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Fuel efficiency rules aimed at advanced vehicles

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news Willmar, 56201
Willmar Minnesota 2208 Trott Ave. SW / P.O. Box 839 56201

WASHINGTON (AP) -- The Obama administration is setting tough gas mileage standards for new cars and trucks, spurring the next generation of fuel-sipping gas-electric hybrids, efficient engines and electric cars.

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The heads of the Transportation Department and the Environmental Protection Agency today were signing final rules requiring 2016 model-year vehicles to meet fuel efficiency targets of 35.5 miles per gallon combined for cars and trucks, an increase of nearly 10 mpg over current standards set by the National Highway Traffic Safety Administration.

The EPA, which received the power to regulate carbon dioxide emissions in a 2007 Supreme Court ruling, will set a tailpipe emissions standard of 250 grams (8.75 ounces) of carbon dioxide per mile for vehicles sold in 2016, or the equivalent of what would be emitted by vehicles meeting the mileage standard. The EPA is issuing its first rules ever on vehicle greenhouse gas emissions.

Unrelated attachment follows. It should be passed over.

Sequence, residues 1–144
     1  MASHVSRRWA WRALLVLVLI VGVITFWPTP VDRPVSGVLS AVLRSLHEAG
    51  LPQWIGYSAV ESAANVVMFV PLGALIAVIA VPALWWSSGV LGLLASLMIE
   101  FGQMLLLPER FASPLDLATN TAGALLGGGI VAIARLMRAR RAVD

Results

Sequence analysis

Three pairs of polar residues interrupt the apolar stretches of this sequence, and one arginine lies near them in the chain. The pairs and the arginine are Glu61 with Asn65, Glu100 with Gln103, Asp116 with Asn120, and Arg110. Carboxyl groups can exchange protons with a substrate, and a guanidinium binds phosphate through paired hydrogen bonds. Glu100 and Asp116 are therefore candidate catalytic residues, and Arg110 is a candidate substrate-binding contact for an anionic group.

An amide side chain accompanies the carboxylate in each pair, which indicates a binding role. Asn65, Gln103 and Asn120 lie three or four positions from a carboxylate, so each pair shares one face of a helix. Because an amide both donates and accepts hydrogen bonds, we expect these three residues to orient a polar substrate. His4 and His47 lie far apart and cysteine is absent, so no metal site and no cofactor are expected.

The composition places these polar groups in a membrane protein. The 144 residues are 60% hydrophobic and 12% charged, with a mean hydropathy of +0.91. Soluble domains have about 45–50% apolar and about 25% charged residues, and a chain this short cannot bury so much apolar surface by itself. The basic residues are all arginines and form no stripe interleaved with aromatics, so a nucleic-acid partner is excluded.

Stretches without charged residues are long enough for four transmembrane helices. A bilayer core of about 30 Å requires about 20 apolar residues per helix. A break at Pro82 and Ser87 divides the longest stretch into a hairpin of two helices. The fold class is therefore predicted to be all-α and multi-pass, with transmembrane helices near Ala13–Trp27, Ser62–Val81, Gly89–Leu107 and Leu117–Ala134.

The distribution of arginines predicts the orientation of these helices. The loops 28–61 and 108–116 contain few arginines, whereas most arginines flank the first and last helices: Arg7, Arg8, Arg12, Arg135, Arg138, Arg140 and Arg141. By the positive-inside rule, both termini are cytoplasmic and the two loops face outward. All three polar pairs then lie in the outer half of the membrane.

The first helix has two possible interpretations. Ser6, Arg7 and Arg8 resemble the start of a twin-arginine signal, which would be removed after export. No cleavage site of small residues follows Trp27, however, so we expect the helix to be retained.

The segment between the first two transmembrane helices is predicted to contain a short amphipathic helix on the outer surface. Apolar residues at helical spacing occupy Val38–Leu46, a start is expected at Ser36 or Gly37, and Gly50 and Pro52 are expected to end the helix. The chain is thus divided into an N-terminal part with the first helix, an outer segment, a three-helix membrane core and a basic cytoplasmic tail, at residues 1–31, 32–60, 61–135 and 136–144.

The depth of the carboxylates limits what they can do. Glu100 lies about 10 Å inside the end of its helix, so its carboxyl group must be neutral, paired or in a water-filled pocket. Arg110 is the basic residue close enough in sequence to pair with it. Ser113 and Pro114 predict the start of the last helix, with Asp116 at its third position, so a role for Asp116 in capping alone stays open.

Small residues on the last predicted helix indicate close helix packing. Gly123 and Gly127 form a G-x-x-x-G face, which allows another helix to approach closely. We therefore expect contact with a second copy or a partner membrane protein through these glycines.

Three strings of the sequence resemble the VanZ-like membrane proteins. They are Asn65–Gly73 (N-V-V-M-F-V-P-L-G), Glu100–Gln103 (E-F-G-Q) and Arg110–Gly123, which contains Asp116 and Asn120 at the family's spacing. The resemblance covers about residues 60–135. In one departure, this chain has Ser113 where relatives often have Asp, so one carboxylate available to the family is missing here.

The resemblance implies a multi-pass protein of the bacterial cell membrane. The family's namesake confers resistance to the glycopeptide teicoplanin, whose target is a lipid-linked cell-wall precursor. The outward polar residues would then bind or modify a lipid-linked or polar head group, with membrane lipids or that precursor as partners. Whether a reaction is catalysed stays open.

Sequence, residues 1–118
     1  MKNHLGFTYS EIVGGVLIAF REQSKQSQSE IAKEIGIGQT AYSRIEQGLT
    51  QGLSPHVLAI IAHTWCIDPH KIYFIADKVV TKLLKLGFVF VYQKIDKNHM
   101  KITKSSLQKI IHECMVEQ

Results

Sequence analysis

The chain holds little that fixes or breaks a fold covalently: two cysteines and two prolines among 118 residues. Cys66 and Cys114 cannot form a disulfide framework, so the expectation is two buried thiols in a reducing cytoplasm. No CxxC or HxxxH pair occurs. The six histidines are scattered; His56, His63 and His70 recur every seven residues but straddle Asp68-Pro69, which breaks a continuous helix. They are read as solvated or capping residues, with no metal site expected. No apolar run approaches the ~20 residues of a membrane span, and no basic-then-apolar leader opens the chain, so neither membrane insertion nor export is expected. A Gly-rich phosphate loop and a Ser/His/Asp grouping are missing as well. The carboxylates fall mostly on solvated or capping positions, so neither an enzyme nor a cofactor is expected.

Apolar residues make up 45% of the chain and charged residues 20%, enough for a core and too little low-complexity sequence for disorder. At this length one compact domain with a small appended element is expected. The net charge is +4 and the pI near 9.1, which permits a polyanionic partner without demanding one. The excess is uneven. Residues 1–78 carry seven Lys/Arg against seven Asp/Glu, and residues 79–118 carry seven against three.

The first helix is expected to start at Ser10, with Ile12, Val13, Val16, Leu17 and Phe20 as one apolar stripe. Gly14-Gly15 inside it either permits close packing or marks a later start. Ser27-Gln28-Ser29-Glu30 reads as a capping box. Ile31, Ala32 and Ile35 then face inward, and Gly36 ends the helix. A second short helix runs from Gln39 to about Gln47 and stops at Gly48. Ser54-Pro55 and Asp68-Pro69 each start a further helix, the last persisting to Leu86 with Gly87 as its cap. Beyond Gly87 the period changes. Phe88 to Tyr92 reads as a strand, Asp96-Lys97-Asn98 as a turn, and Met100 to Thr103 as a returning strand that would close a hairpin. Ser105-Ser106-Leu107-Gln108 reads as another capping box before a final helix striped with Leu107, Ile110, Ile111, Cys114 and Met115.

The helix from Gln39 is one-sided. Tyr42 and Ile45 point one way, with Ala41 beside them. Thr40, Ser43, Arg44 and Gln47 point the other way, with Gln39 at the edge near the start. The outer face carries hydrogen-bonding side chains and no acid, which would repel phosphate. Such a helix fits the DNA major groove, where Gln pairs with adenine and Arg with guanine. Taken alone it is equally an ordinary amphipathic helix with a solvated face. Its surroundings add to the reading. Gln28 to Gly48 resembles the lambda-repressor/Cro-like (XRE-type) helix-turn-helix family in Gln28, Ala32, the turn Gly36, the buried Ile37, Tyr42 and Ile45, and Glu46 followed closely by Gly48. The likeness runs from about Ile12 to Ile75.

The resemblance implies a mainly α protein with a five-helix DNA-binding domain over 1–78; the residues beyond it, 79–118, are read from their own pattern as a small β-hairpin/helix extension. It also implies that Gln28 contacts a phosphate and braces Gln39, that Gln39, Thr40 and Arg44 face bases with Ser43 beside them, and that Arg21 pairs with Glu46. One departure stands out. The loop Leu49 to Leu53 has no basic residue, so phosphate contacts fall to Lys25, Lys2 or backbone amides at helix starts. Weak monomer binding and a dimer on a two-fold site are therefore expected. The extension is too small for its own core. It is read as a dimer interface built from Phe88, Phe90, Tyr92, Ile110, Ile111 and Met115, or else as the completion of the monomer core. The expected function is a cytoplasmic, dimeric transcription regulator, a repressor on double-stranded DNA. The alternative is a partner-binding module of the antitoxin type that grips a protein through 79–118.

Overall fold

President Barack Obama, previewing the plan Wednesday, said it marked a reversal "after decades in which we have done little to increase auto efficiency." Obama said the standards would "reduce our dependence on oil while helping folks spend a little less at the pump."

Each auto company will have a different fuel-efficiency target, based on its mix of vehicles. Automakers that build more small cars will have a higher target than car companies that manufacture a broad range of cars and trucks. The standard could be as low as 34.1 mpg by 2016 because automakers are expected to receive credits for reducing greenhouse gas emissions in other ways, including preventing the leaking of coolant from air conditioners.

Obama said the new requirements will save 1.8 billion barrels of oil over the life of the program, which will cover the 2012-16 model years. The new standards move up goals set in a 2007 energy law, which required the auto industry to meet a 35 mpg average by 2020.

A NHTSA official familiar with the plan, who was not authorized to speak publicly before today's announcement, said the requirements would add about $1,000 per new vehicle by 2016 but would pay back that investment within three years. The rule is expected to save more than $3,000 over the life of the vehicle through better gas mileage.

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